The Code of Capital
But now comes Pistor, telling me that the “masters of the code” have their own trump cards: legal provisions that are enforced by courts against all comers, making them impervious by design to all counterarguments. Moreover, using such legal “modules,” lawyers have built a veritable “empire of law” stretching across the entire globe, one that follows a logic and evolutionary dynamic that can be understood only by those who have mastered the code. (Apparently, I am out of luck.)
This is the kind of imperial claim I am used to hearing from my more enthusiastic economist colleagues, those who are most eager to colonize other social sciences. Pistor, however, is writing not as an enthusiast, but as a critic. A master of the code herself, she wants to show non-masters like me exactly how her fellow lawyers created a world of both tremendous wealth and destabilizing levels of inequality.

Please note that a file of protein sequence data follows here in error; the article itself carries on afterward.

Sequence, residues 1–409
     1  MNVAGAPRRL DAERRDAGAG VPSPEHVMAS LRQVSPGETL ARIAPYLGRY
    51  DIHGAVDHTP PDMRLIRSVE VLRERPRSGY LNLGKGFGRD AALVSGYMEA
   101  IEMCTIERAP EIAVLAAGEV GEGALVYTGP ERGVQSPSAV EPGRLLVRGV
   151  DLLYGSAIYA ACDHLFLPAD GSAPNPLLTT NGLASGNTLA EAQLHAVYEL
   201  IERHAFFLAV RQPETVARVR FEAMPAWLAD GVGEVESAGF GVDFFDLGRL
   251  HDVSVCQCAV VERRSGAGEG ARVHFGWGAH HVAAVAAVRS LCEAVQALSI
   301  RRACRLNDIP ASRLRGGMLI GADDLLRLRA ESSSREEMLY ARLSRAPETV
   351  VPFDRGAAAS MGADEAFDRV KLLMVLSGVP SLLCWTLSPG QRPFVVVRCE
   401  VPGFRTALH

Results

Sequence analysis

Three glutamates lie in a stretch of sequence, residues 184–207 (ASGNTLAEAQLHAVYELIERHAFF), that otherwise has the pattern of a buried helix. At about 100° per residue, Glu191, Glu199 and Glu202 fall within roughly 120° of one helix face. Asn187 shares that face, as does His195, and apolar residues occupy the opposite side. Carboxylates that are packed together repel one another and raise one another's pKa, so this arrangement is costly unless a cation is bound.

Pistor’s primary goal is to convince us that it all might have turned out differently if only the masters of the code had directed their efforts otherwise. We are given to believe that it all might still turn out differently in some possible future. “The law is a powerful tool for social ordering and, if used wisely, has the potential to serve a broad range of social objectives,” Pistor writes, “yet … the law has been placed firmly in the service of capital.”
EXPOSING THE ENCLOSURE